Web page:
When musicians spin off from their main band to release a solo album it's usually because they have a trove of their own songs stored up, or they have something they need to get off their chest - particularly if they're not one of the songwriters in their central band. Both of these were true for The Fresh & Onlys lead guitarist Wymond Miles, who had two releases in 2012; his debut EP Earth Has Doors was made of four tracks kept tucked away for years, and his debut full length Under The Pale Moon was inspired by the recent deaths of a close friend and some family members.

Both of these releases were much looser and less upbeat than The Fresh & Onlys, instead imbued with atmosphere and gloomy, sometimes ghoulish character. Now comes Miles' second full length, Cut Yourself Free, not much over a year later. This time Miles doesn't seem to have any specific agenda on his mind, and instead he's trying out a few different styles, which owes nods to several 80s forebears and results in a rather scattershot album.

Opener 'The Ascension' picks up where he left off on his debut, with interwoven guitars twanging languidly into an open space, which is where Miles' sullen voice works best. The progression to get to song's fully-fledged ending is slow and perfectly-judged; resulting in a five and a half minute encapsulation of the best of what Miles solo work is striving to be. The loftier and less rigidly written tracks like this are where Miles' sound excels. Unfortunately they aren't so abundant on this offering; the instrumental interlude 'Bronze Patina' does it nicely, but the only other real example comes in the form of 'Vacant Eyes'. On this spare and foreboding number Miles' impassioned near-howl trades off moments in the spotlight with expansive guitar solos, both allowed to float by the lack of any fixed percussion. The result is graceful, beautiful and almost hymnal.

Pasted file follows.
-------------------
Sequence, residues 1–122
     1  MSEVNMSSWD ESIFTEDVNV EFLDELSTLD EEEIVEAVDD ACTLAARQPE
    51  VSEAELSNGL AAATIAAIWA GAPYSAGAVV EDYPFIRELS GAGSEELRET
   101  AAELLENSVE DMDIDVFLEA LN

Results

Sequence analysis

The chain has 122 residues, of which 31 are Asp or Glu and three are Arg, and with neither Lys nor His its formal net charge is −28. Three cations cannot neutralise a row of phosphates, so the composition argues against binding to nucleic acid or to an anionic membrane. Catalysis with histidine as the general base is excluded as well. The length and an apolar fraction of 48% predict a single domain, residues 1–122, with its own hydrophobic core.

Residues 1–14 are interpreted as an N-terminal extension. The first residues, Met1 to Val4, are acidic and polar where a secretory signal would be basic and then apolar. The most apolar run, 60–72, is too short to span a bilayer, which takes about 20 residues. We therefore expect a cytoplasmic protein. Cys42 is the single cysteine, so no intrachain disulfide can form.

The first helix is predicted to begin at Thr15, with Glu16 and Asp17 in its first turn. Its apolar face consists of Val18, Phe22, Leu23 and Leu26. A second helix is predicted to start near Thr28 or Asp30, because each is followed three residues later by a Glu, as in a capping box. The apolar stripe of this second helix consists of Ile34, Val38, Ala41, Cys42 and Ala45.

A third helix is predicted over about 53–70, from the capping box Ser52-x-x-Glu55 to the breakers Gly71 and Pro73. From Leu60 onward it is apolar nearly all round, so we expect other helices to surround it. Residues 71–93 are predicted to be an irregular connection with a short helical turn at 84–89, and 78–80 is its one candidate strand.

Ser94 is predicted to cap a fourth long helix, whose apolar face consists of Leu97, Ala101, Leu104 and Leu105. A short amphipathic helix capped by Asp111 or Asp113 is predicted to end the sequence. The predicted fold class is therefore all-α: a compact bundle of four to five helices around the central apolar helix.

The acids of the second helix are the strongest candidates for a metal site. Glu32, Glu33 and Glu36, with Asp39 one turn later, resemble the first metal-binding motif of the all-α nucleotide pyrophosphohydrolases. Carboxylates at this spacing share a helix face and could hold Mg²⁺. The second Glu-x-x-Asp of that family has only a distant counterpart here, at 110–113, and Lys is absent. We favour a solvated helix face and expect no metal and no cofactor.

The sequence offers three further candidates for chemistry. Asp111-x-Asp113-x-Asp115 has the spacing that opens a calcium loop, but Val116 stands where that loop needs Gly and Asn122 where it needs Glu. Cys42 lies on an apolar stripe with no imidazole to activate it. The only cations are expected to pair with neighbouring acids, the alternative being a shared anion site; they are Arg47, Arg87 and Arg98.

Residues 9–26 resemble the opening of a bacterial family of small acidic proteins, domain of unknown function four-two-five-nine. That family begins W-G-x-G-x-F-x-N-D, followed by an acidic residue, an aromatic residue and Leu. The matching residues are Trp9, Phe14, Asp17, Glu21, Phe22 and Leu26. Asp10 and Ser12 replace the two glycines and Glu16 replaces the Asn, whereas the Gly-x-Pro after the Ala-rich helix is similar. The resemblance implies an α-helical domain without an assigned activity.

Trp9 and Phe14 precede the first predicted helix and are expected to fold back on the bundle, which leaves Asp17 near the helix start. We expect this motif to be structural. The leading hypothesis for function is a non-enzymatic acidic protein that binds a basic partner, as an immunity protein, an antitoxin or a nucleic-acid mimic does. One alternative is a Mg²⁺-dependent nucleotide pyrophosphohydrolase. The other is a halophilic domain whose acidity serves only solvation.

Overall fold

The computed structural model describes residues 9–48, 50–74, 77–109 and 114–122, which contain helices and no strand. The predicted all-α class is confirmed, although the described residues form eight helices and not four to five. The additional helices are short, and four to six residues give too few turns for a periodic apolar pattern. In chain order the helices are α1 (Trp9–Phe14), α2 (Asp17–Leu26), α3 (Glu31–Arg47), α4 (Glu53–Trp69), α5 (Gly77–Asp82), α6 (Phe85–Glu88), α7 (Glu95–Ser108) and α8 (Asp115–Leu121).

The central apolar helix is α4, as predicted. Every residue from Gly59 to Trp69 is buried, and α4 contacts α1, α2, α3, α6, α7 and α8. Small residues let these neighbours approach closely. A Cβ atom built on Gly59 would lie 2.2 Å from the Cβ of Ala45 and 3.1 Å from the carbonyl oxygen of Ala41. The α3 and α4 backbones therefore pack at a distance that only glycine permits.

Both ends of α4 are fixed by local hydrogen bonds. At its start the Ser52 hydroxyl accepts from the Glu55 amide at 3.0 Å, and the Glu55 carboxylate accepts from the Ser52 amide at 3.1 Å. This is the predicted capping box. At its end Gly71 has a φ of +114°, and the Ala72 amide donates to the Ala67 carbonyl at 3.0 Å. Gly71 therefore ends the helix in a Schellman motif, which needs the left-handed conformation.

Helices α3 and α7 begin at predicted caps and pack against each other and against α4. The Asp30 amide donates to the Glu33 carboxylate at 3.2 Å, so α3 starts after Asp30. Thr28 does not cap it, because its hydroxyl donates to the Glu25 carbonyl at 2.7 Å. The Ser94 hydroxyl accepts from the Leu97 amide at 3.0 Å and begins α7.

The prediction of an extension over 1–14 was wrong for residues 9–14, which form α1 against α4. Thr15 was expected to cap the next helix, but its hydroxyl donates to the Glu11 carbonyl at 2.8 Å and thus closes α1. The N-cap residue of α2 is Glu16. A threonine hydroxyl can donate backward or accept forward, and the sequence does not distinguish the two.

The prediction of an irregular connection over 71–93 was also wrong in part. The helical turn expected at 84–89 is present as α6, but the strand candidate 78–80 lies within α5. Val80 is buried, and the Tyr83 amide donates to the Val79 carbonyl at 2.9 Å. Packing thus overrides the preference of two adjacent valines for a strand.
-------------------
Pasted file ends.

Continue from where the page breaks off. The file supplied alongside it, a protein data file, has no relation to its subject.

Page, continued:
The rest of the tracks are more straightforward verse-chorus-verse affairs that wear their influences openly. 'Night Drives' is reminiscent of the threatening passion often instilled by The Cure (Miles' voice can sound quite similar to Robert Smith), but comes off flatter. Better is the appropriation of Roxy Music in the beautifully leisurely 'White Nights'. 'Why Are You Afraid?' owes a debt to Pixies' ability to match its deceptively upbeat vocal hook with a catchy mirroring guitar line. 'Passion Plays' and 'Anniversary Song' both glance back towards 70s and 80s alt-rock bands, but find the hulking mass of Interpol in the way. It's hard not to hear echoes of the New York band in the frenetic guitars and Miles' frantic delivery that recall the unhinged glory of those Turn On The Bright Lights singles - this is by no means a band thing, but like many who've tried, it can't quite match their towering presence. The best of the bunch is 'Love Will Rise' which ends the album with macabre vocals and keyboards interspersed with dramatic rumbling drums.

Miles has shown over the course of his three solo releases that he is a fine songwriter in his own right, and he will hopefully continue to grow and flourish in future releases. Hopefully next time around he'll take a little longer between albums and flush out his ideas a little more. Although, knowing how prolific The Fresh & Onlys are, who knows when he'll get enough spare time to do so.